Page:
Aquarium water shouldn't be counted on for complete plant nutrition. People do successfully use fish emulsion - poop vacuumed up from gravel aquarium beds, often in tanks stocked with fish known for having heavy appetites. But it's used with nutritional supplements and consideration for the soil it's being added to, not to mention where it's used 'cuz it stinks to high heaven. Likewise if you just dump aquarium water into a hydroponic system you'll often get a frothing, soupy, reeking mess. Water or emulsion both need to be prepared or a special hydroponic system has to be employed, either consisting of a simple biological filter or otherwise a full-blown ecology of other organisms (aquaponics) that serves to break down nutrients into forms the plants can use, manage excess nutrients, and keep diseases and pests in check.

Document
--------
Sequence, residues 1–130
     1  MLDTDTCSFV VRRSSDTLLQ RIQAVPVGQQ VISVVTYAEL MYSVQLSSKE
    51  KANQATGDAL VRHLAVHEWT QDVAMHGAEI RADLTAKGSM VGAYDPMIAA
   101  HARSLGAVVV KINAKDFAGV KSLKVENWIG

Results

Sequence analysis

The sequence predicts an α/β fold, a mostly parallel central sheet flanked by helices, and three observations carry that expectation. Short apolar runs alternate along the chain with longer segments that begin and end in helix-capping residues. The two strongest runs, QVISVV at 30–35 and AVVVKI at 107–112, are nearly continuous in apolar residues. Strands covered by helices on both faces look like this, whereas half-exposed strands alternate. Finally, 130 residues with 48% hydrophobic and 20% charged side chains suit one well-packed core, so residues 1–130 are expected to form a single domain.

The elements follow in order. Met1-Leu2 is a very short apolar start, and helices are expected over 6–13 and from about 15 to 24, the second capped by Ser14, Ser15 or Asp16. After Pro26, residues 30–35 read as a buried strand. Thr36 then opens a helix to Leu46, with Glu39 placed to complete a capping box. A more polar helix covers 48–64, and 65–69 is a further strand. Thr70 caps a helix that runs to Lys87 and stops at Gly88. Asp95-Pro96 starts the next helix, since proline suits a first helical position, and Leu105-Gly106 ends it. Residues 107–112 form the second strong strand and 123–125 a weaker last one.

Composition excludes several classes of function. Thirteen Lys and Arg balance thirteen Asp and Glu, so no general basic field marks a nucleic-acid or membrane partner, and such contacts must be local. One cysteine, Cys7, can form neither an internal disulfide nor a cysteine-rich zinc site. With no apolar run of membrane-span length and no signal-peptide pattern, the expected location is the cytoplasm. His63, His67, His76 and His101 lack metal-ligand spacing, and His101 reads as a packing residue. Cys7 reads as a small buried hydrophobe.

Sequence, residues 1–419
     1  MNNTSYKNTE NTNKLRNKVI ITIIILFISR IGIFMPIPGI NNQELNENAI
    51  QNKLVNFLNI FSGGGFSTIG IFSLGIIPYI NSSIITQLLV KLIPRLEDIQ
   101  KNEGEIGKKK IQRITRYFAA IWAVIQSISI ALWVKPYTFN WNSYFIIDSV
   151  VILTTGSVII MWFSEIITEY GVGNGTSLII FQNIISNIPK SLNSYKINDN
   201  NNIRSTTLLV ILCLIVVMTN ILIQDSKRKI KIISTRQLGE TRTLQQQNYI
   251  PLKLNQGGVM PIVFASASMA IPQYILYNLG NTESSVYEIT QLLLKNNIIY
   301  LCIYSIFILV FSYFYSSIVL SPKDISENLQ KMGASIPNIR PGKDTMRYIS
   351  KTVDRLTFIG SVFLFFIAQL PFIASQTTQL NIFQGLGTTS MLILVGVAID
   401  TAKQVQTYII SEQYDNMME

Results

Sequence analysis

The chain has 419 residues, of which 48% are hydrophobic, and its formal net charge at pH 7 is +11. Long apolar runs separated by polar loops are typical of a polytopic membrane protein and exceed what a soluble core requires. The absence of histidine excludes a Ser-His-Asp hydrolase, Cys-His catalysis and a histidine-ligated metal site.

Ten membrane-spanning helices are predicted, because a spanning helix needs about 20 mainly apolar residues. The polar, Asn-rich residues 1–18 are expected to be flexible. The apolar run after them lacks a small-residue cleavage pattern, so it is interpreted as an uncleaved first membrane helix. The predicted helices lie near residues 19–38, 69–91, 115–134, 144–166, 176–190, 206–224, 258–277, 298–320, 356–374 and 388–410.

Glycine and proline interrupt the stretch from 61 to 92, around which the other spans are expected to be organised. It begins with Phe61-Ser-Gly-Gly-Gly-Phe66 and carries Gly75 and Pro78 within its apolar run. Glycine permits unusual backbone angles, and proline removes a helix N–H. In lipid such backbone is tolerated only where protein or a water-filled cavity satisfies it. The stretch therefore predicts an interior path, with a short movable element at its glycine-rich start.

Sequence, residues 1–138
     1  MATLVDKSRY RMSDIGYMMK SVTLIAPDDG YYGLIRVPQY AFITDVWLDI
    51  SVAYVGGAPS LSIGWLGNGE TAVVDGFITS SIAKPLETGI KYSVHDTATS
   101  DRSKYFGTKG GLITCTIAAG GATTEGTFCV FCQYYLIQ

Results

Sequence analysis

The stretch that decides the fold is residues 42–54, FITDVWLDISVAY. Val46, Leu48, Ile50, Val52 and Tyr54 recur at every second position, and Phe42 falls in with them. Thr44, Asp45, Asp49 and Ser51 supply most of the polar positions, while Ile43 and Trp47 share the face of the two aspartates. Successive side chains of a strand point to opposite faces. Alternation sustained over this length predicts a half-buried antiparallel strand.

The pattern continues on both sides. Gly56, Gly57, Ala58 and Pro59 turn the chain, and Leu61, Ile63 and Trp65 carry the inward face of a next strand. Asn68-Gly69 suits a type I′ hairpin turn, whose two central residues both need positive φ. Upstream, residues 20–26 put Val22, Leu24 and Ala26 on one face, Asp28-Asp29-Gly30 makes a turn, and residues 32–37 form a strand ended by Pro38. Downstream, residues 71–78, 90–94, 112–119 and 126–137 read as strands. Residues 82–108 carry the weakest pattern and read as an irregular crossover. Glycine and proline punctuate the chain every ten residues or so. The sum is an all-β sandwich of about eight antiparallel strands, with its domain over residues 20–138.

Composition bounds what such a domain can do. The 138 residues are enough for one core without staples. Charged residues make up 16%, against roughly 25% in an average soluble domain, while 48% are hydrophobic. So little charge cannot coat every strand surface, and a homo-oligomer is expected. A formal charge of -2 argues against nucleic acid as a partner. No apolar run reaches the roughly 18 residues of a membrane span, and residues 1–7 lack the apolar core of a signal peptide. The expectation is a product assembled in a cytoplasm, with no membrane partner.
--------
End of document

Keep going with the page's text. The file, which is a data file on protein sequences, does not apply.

Which is not to say you can't do it - actually doing it right is a really valuable lesson in horticulture whether you're building a hydroponic system or just mixing compost. But keep in mind that aquarium water is basically a dilution of algae and poop, and make sure that however you offer it to your plants, it's the plants that are using it. The safest place to use aquarium water is in your garden outside.
    ~Joe

    PS - My 4000th post! Hooray!
    Last edited by seedjar; 07-01-2011 at 03:32 PM.
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    That's really helpful, thank you.

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    Operation: Repot Big*** "Cactus" was successful. I used a cactus mix, don't remember the brand now, lol, and some Miracle Gro potting soil, and a layer of perlite. We re-potted it outside on the porch, in a bigger terra cotta looking plastic pot.
    EDIT: I went outside and nearly melted today. Cold is NOT a factor today, lol.
    And it's already a monster--New pot is a 40 Qt! (10 gallon)